Thursday, July 1, 2010

Hyssop: Her Ancient Message Still Applies

(Hyssopus officinalis)

Behold, thou desirest truth in the inward parts: and in the hidden part thou shalt make me to know wisdom. Purge me with hyssop, and I shall be clean: wash me, and I shall be whiter than snow.
Psalms 51:6/7

To say that Hyssop has a timely message for humanity and for me personally right now would be a gross understatement. A few months ago, I began to feel compelled to write a monograph about her, but the time was not yet ripe. I could feel that she wanted me to wait just a bit longer, and now as I am beginning to fully integrate her message, I can understand why. Collectively, humanity is at a critical juncture. Both on a personal level and globally, we need to take inventory of our values, our possessions, our relationships and our responsibilities -basically everything- and make some serious choices. What is most valuable to us and worth keeping? What is no longer working and needs to be scrapped?

According the Traditional Chinese Medicine (TCM) Five Element paradigm, the lungs are paired with the large intestines and are associated with the Metal Element (or more accurately, Phase). The Metal Phase represents evaluation and release- that is separating the pure from the impure- and eliminating what is left. It is crucial that we rid ourselves of that which no longer serves us in order to create space for new energies that will match our higher frequency. If we fail to do so, we become bogged down emotionally with attachments that drain us, and we find that instead of owning our possessions, our possessions own us. We become so hampered with responsibilities that are not ours that we have no energy left with which to take response-ability for what we must, such as a change of course or direction.

The lungs are also where we hold onto grief that has not been completely released. When we are burdened, whether from sadness, emotional constraint, or a resistance to necessary surrender, we can begin to fear healthy release. We may come to equate pure space with emptiness and loneliness instead of using that void as a starting point for Divine inspiration and creation. The analogy is also made in TCM that our lungs take in the breath of heaven, that is to say air, our physical connection to the intangible or the Divine. The Divine is Universal Truth and Love; a healthy ability to discern what is truly healthful to us and to disengage with what is not is a path to purifying our soul.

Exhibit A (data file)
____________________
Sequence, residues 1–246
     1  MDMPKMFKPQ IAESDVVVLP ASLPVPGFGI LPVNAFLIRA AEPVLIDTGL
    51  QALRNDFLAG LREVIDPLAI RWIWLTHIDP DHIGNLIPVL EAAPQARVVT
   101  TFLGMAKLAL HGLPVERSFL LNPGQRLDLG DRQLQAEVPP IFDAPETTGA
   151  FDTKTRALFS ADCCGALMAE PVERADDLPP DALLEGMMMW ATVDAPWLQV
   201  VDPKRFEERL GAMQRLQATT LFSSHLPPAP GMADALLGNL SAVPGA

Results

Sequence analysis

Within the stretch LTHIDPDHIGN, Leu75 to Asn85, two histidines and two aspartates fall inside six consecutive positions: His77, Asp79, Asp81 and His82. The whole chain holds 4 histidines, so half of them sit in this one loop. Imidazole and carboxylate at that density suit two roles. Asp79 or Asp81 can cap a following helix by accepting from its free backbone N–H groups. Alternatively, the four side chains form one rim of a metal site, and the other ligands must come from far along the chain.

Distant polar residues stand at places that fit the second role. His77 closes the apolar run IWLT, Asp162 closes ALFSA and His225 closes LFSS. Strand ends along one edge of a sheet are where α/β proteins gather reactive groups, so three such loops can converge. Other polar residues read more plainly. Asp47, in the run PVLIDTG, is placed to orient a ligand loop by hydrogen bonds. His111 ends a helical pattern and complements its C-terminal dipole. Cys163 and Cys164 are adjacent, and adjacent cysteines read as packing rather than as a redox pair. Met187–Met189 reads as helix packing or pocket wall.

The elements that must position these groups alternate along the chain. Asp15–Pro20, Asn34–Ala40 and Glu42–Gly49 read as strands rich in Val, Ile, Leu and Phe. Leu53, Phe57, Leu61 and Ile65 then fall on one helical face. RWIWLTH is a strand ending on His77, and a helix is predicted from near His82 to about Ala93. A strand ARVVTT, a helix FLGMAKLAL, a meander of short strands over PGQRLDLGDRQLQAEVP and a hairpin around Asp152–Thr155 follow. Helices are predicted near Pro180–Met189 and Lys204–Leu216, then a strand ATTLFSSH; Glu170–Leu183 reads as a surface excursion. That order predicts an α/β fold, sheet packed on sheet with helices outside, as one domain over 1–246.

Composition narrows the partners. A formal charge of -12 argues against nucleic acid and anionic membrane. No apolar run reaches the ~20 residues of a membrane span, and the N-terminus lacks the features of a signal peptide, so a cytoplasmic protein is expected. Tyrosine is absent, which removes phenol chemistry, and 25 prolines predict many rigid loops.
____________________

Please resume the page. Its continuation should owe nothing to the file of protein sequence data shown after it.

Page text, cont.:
Many references hold true that Hyssop purifies the soul, helps one break old patterns of unhealthy thoughts or behavior, like anger, addictions and lack of forgiveness. What is a grudge, dependence, or resentment? Simply stated, unhealthy emotional patterns are based in judgment and often rooted in our inability to let go of our own imperfections enough to have true compassion for ourselves and others. What is forgiveness? The ability to release a judgment that we have been holding onto -whether it is toward ourselves or someone else- is a letting go, a surrendering. Breathing deeply, we inhale the Divine into our body and exhale the emotional weight we no longer need to carry.

On a physical level, Hyssop is one of the premier herbs for assisting the lungs in their ability to breathe deeply. It has an expectorant quality that will purge phlegm, but more specifically will thin mucous, making it more watery and easier to dislodge. Often taken as a tincture or syrup for bronchial complaints, herbalists may combine Hyssop with Mullein, Thyme, Licorice, Basil or other herbs that loosen phlegm, circulate energy in the chest and soothe coughs. A hot infusion of fresh or dried Hyssop herb is an effective remedy for the recent onset of colds or flu because it promotes a light perspiration that helps the body rid toxins through the pores and lowers a fever.

The crushed, fresh herb spread over bruises and contusions will help them to heal faster, and an infusion applied topically is helpful for achy joints. Steam from a hot infusion of Hyssop can help to soothe inflammations of the ear; its camphor-like aroma belies its ability to aromatically open areas of obstruction. In fact, the fragrance of Hyssop was once valued more highly than Lavender essential oil.

The herb is considered very safe; however it can stimulate the uterus and shouldn’t be utilized by pregnant women without professional guidance. Some sources suggest that it should not be used by children or by anyone with epilepsy because it may be a mild neurotoxin. Warnings that the herb can raise blood pressure indicate that it should never be used by anyone with hypertension. The essential oil (EO) has received much scrutiny due to the presence of the toxic ketone pinocamphene and cautions abound that advise consumers to dilute Hyssop EO in carrier oil to a concentration not exceeding 5% potency.